GitLab CI with parallel builds and deployments

Sytse Sijbrandij
Dec 19, 2013

GitLab CI with parallel builds and deployments

This is a proposal to extend GitLab CI with parallel builds, pushing successful builds to external repos, branch specific builds and support for build metrics.

GitLab CI is quickly becoming more popular and people appreciate the good integration with GitLab and the clean UI.

This popularity also brings requests for the following functionality that make a lot of sense:

  1. Several independent build projects should be possible per Gitlab project
  2. GitLab CI should push successful builds to an external repo
  3. Maybe it should be possible to have a build script per branch if needed
  4. Display timeline of build metrics like coverage e.t.c.

We alse added a reserve compatibility requirement so we don’t break the unofficial Windows and Scala runners. If we make the above requests a bit more general we come to the following 5 requirements:

  1. Parallel builds (to speed up the testing of your project if you have many runners)
  2. Success and failure builds (in that build you can also push to an external repo)
  3. Branch restricted builds (so you can do certain actions only when code is merged into master, etc.)
  4. Percentage results as output (so coverage and other quality indicators can be seen)
  5. Compatible with existing runners (so the upgrade path is easier)

The parallel builds feature will allow tests to complete a lot faster. Suppose you have the following build:

  • Runner 1 - bundle exec rspec - Finished in 8 minutes
  • Runner 1 - bundle exec cucumber - Finished in 12 minutes

With a total build time of 20 minutes. With a parallel build and two runners you can have the following:

  • Runner 1 - bundle exec rspec - Finished in 8 minutes
  • Runner 2 - bundle exec cucumber - Finished in 12 minutes

For a total build time of 12 minutes. The parallel builds are almost two times as fast.

The days when we just run a single test type on our software are long gone. We look forward to a future where in the merge request you see the following:


  • Rspec unit tests - Pass
  • Cucumber integration tests - Pass
  • Older Ruby (1.9) - Pass
  • Another DB (MySQL) - Pass
  • Performance test with rails-perftest | -3% (63%)
  • Load test with Apache Brench | Pass
  • Code smell with Rubocop | Pass
  • Coverage (Simplecov coverage | -1.2% (81.6%)
  • Documentation generation with RDoc | Pass
  • Lint test with ruby-lint | Pass
  • Trigger build of dependency | Pass
  • Saved build artifacts on S3 | Pass
  • Deployment to staging server | Pass

In order to achieve the requirements the following things need to change in the GitLab CI coordinator:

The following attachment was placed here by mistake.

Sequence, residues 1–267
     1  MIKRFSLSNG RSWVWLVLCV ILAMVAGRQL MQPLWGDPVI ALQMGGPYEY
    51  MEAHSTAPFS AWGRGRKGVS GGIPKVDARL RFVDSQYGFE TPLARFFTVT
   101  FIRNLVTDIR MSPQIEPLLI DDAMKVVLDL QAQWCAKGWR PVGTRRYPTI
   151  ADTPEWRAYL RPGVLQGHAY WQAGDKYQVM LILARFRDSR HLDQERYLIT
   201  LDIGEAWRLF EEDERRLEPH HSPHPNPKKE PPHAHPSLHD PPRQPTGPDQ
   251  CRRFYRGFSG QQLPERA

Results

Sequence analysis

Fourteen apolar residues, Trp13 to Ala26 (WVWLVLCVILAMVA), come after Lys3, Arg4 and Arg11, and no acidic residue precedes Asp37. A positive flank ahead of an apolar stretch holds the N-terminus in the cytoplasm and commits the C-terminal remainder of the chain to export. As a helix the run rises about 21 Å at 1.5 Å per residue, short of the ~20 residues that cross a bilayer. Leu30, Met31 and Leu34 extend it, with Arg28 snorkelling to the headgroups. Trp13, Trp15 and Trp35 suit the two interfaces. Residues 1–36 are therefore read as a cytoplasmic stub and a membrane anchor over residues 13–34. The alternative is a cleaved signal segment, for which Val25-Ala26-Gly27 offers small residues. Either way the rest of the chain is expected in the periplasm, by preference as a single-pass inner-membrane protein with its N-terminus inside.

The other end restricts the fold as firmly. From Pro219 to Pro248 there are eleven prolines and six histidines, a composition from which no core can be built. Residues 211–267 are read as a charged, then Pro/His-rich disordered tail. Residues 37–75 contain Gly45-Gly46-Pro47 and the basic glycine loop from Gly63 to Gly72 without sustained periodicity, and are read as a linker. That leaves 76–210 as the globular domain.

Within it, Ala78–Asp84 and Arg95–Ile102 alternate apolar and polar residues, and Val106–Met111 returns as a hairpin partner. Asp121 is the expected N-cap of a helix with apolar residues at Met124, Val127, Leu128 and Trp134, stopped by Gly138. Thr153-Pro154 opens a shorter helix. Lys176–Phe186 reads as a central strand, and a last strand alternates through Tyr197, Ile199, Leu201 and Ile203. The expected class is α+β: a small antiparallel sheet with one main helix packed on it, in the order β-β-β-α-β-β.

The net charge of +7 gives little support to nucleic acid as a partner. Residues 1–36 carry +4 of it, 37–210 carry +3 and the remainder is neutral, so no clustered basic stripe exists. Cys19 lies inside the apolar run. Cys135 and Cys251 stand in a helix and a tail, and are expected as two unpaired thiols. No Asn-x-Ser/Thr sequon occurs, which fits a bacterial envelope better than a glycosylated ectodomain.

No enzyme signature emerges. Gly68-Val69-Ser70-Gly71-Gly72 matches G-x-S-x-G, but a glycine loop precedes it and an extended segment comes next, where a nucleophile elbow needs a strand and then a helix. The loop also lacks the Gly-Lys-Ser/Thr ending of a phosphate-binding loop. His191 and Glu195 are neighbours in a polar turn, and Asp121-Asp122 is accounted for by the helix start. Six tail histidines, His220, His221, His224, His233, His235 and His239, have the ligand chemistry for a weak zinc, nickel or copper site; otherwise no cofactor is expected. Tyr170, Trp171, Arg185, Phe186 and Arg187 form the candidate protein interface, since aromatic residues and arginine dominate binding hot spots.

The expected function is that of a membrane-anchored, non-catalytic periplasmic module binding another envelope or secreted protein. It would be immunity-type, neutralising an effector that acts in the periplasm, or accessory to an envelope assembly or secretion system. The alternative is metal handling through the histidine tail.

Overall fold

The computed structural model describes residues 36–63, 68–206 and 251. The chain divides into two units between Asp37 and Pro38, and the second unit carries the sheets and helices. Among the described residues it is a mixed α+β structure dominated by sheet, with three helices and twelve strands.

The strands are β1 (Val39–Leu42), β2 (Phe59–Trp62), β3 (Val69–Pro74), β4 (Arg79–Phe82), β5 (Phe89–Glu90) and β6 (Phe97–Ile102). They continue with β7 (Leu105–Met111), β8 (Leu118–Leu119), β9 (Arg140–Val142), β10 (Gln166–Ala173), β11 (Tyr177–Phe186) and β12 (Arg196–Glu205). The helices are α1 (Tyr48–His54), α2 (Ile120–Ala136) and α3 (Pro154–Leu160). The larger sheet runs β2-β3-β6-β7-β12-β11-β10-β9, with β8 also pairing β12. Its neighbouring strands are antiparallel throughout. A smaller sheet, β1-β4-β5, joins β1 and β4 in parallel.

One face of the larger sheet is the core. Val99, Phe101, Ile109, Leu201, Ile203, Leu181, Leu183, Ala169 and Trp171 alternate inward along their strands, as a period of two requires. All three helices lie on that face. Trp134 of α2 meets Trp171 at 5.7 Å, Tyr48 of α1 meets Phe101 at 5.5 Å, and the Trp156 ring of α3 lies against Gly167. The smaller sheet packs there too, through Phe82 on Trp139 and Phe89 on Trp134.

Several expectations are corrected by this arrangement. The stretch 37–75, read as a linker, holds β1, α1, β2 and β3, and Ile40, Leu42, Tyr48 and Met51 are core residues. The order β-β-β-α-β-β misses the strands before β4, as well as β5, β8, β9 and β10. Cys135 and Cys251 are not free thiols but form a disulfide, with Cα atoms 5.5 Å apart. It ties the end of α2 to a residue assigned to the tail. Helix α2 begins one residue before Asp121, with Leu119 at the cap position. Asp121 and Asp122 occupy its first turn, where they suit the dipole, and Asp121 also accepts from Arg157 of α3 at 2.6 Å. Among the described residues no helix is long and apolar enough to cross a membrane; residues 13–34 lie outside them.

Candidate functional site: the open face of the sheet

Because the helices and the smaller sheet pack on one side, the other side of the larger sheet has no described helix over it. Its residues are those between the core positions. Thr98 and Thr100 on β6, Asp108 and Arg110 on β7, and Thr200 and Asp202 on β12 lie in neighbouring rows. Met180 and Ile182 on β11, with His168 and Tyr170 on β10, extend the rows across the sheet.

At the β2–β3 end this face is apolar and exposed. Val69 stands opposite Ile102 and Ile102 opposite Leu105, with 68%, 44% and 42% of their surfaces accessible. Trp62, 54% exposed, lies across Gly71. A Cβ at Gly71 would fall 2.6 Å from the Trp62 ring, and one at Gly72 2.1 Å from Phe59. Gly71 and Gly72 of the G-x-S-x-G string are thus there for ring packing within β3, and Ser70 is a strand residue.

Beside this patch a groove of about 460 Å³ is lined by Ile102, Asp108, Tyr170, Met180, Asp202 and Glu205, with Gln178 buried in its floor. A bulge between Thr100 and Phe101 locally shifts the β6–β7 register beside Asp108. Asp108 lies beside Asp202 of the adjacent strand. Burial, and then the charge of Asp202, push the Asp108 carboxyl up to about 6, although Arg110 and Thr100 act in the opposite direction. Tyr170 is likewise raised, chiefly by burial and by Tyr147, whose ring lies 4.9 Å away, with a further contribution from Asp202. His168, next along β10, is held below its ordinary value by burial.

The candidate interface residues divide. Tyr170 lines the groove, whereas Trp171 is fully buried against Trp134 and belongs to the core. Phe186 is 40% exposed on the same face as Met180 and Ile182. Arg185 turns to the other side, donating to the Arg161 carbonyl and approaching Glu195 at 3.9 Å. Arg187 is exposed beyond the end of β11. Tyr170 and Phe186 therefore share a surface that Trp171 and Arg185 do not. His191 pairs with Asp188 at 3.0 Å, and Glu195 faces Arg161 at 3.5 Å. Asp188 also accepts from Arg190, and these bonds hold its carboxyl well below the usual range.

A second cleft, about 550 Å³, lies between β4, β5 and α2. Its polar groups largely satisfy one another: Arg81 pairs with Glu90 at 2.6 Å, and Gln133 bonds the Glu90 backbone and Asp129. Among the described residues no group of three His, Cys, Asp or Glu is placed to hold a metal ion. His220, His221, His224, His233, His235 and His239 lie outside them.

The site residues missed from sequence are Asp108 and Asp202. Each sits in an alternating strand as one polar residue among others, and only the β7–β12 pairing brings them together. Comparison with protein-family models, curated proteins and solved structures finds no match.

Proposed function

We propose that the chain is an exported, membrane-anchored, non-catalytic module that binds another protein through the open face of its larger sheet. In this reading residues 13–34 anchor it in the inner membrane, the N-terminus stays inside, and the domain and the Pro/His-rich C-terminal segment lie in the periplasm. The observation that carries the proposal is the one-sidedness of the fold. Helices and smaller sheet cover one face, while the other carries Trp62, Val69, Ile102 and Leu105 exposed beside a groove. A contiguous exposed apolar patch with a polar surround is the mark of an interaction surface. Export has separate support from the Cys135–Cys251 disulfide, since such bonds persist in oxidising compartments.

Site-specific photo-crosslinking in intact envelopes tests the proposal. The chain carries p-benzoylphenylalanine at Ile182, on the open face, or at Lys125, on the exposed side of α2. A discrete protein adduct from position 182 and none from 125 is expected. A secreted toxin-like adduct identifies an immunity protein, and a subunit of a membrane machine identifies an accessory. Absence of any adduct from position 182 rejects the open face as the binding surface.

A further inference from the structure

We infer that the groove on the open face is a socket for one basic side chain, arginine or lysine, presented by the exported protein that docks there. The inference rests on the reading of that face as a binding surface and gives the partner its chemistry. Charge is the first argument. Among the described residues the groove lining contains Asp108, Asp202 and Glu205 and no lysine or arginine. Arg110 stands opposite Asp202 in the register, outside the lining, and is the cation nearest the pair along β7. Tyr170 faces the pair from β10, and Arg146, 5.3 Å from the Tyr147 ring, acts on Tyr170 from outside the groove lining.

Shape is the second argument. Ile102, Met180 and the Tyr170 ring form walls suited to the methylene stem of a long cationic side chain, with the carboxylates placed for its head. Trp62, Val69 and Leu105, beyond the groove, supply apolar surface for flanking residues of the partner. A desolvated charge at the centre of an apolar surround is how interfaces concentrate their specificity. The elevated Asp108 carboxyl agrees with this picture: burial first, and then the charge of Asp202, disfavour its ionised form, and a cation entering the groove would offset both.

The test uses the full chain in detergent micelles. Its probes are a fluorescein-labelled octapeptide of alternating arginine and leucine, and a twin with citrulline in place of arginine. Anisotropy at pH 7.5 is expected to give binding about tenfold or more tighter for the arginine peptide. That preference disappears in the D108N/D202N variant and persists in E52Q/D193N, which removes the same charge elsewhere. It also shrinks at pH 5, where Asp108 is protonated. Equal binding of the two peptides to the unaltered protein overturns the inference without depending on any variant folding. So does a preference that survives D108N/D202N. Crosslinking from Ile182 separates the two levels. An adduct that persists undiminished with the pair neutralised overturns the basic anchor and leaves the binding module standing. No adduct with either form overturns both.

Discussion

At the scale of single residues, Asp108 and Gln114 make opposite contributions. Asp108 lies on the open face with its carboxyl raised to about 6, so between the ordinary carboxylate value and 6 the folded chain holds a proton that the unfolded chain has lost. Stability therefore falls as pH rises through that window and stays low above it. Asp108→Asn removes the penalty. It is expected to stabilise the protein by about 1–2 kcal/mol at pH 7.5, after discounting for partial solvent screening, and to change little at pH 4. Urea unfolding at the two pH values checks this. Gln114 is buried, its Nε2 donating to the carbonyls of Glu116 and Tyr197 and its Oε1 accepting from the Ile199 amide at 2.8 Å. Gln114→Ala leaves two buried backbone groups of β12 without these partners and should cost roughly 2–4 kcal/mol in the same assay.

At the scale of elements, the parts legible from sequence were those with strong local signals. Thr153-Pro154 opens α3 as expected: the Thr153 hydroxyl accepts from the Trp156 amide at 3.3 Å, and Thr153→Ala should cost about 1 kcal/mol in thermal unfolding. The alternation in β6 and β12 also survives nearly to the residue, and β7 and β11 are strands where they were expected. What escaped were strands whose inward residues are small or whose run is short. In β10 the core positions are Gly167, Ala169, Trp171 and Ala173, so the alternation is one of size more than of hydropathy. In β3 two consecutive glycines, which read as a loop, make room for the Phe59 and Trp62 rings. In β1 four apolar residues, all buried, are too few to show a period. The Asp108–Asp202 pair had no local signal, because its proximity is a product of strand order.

1. Each Project has many Commit objects (created every time a new commit is pushed to the project, these used to be called builds)
  2. Each Commit object has many Build objects (these are the actual things executed by the runners)
  3. Each Project has many Scripts objects (a project used to have only one build script but we now get multiple ones)
  4. Each Script has a type (setup/test/success/failure) and a branch restriction

The script types mentioned in the last item have the following characteristics:

  1. The setup scripts will always run on any runner before any other scripts (including success and failure)
  2. The test scripts can be run in parallel on different runnners
  3. The failure scripts are run if any of the setup and test scripts don’t return 0
  4. The success scripts are run all of the setup and test scripts do return 0

Suppose a project has 7 scripts:

  1. ‘Ruby install’ of type setup
  2. ‘Rails install’ of type setup
  3. ‘Rspec unit tests’ of type test
  4. ‘Cucumber intergation test’ of type test
  5. ‘Create documentation’ of type success
  6. ‘Deploy to staging’ of type success
  7. ‘Email developers’ of type failure

If there is a new commit on the project the CI coordinator will create one Commit object and two Build objects, one for each of the test scripts. When a runner requests one of these it will receive the concatenated contents of the two setup scripts and one of the test scripts. The two runners report back their progress by submitting their logs to the CI coordinator just like today. Suppose that both Builds complete successfully. An observer on the CI coordinator will now create two new Build objects for the success scripts. These can again run on different runners.